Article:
Experts call for open agricultural data platform

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Copyright: Brian Sokol / Panos

Speed read

  • Research data created in Africa do not reach end users
  • A SciDev.Net event calls for researchers to make data accessible to end users
  • Experts say that easily accessible data on agriculture could boost development

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[ABUJA] Africa needs to refocus research thinking and agenda on the continent for agriculture to become productive and aid development, say agricultural experts.
According to panellists at a SciDev.Net event organised in conjunction with the UK-based International Network for the Availability of Scientific Publications this month (1 March) in Nigeria, research is necessary for agricultural growth in Sub-Saharan Africa but it needs to be demand-driven and shared for impacts.

“We need a platform where all these crucial groups can meet to ensure that research studies are not duplicated but are shared among institutions, farmers and even with the private sector.”

Ngozi Odiaka, Federal University of Agriculture, Makurdi, Nigeria


Ngozi Odiaka, a crop scientist at the Federal University of Agriculture, Makurdi in Nigeria, notes that research is key in generating data necessary for policy-making and the end users such as farmers.
“The problem we have today in Nigeria and in most of Africa is that a lot of research studies have been done but majority of [the findings] are getting grey in the shelves of our universities and other research institutes,” says Odiaka, adding that it is vital that such information is stored centrally for easy access and use.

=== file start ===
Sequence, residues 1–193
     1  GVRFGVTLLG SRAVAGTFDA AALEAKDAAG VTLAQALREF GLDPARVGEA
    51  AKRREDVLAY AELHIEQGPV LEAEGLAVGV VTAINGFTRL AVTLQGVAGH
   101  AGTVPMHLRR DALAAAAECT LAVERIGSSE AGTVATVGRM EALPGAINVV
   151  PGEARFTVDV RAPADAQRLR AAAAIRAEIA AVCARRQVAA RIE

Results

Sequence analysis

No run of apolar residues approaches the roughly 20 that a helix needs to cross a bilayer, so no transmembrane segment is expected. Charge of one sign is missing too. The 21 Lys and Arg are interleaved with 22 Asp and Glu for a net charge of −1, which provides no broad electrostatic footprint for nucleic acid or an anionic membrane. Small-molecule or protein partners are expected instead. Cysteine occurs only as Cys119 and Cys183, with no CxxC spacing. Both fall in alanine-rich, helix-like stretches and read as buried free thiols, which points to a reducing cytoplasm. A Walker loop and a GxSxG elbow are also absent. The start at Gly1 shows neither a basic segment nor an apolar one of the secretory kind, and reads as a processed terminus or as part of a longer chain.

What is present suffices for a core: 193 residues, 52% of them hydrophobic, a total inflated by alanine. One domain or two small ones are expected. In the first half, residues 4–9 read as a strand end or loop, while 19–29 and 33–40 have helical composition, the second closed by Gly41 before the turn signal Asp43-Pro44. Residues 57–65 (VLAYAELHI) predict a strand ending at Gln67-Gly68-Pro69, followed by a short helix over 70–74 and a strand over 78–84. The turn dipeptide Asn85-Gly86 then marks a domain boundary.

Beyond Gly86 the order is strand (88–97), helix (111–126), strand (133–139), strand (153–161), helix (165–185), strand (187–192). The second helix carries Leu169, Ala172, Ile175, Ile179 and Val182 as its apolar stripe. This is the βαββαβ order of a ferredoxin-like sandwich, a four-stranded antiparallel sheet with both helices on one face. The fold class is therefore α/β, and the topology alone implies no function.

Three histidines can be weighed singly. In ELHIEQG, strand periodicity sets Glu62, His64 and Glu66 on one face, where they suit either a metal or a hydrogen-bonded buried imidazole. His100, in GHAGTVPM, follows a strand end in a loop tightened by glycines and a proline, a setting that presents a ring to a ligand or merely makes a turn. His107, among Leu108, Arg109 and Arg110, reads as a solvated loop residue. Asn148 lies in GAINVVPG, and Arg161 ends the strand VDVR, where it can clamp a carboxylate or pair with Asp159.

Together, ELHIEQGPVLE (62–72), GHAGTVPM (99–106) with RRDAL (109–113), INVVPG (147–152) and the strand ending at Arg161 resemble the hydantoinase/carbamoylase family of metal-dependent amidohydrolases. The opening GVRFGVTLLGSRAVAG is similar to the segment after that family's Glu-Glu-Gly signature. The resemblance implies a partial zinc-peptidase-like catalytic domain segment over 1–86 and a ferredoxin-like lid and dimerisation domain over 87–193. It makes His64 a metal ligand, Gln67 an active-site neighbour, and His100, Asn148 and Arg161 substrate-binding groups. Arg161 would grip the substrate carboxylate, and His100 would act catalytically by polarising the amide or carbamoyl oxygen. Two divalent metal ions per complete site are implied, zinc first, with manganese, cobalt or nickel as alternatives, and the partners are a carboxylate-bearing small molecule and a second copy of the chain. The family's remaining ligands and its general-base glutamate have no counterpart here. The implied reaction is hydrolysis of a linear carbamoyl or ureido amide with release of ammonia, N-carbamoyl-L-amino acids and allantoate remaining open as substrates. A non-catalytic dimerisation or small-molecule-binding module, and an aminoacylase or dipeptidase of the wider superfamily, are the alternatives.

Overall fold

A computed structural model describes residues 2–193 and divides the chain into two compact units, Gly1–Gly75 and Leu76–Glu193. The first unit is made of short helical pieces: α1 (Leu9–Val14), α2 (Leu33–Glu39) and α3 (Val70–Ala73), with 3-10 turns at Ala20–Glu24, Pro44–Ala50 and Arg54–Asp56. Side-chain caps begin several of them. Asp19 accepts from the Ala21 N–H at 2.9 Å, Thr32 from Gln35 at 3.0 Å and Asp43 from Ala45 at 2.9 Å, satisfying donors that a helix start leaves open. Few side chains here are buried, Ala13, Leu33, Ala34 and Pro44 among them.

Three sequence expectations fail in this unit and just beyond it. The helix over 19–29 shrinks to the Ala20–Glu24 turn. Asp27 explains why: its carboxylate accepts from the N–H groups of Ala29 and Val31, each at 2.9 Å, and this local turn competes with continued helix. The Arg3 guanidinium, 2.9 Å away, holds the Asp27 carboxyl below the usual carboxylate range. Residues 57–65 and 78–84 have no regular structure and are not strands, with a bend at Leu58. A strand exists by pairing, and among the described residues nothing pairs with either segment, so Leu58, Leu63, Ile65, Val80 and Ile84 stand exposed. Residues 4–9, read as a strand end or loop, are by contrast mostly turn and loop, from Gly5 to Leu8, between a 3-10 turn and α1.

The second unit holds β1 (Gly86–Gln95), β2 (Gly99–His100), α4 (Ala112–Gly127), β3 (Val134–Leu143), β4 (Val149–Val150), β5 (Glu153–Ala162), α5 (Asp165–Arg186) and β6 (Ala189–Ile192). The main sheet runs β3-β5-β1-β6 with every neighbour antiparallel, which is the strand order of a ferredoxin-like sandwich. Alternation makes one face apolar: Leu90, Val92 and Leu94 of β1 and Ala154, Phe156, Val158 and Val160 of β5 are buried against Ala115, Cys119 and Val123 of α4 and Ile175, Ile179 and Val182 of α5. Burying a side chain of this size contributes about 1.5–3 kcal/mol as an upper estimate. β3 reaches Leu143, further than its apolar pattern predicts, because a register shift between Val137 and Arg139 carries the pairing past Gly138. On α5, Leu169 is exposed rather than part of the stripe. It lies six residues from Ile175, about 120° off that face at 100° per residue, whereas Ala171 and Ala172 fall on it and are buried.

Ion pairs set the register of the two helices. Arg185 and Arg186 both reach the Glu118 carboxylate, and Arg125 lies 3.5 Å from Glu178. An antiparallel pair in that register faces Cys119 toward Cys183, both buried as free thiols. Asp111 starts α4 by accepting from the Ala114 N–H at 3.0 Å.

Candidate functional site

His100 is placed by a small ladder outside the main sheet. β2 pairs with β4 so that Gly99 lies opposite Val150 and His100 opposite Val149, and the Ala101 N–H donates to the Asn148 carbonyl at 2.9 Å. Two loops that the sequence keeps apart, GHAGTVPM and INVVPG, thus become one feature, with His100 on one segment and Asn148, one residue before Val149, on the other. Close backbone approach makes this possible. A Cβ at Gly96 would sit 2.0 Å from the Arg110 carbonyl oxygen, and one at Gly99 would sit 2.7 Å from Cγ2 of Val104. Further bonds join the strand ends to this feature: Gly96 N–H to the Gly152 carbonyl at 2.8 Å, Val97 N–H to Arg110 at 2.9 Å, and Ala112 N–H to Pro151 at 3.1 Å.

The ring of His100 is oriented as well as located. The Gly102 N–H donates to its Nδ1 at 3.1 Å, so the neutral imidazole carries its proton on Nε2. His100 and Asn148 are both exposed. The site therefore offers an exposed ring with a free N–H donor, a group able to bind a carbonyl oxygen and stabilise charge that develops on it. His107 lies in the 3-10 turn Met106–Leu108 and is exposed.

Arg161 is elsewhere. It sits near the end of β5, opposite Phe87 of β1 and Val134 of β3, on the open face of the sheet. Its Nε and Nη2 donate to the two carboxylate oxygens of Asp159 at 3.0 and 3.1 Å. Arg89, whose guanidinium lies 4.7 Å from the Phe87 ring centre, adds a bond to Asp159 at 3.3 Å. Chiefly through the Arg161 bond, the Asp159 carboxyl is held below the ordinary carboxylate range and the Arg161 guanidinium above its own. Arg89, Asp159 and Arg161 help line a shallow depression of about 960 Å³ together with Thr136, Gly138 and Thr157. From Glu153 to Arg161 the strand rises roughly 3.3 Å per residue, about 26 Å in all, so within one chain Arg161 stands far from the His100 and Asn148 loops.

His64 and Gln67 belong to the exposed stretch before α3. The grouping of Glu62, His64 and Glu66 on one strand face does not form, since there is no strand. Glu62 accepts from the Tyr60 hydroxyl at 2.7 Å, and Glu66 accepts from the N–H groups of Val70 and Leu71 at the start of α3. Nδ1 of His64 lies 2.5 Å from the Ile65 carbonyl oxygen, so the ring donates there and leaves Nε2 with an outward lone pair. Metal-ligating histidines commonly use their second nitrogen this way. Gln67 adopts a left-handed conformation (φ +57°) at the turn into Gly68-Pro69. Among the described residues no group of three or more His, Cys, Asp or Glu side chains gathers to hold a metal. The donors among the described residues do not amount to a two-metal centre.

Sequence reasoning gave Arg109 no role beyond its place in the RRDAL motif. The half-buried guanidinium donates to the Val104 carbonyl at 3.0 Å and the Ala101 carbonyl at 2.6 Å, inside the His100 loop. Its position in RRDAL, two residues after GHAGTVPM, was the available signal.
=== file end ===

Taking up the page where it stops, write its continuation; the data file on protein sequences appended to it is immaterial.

According to Odiaka, it is also necessary for African researchers to align research with the needs of farmers and consumers to help develop the continent.
“We need a platform where all these crucial groups can meet to ensure that research studies are not duplicated but are shared among institutions, farmers and even with the private sector,” Odiaka adds.
Edwin Idu, a lecturer at the Faculty of Agricultural Economics and Extension, University of Abuja, Nigeria, says that most African farmers hardly take up the research outputs from the universities.
“Farmers are not in a hurry to apply the information from the universities through the extension workers. Majority will wait to see the results from early adopters of such innovations,” Idu adds.
Idu decries the lack of adoption of improved crop varieties by farmers.
According to Idu, proper monitoring and follow-ups by researchers could make research play meaningful impact on Africa’s agriculture.
Andrew Ilo, a research scientist from the Sheda Science and Technology Complex in Nigeria, adds that the continent needs modern research for development. “We should identify the gaps in agriculture in Africa and do research that will fill those gaps,” Ilo explains.
Certain pertinent issues, Ilo says, must be addressed if research is to advance agricultural development in Africa, citing a need to build capacity of agricultural human resources and more doctoral studies that focus on agricultural research.

Ilo adds that university lecturers should have a conducive environment such as having reduced teaching responsibilities to help them conduct more research.
According to Sonigitu Ekpe-Aji, a Project Desk Officer with Cross River State Ministry of Agriculture and Natural Resources of Nigeria, scientists should not just publish for the shelves but carry out citizen-driven research. “Citizen-driven research is what Africa needs now.”
He says this is possible if bodies such as Global Open Data for Agriculture and Nutrition are allowed to play a key role in Africa agriculture and nutrition.
According to him, a lot of continental commitments are not translated into practice at the national level.
This piece was produced by SciDev.Net’s Sub-Saharan Africa English desk.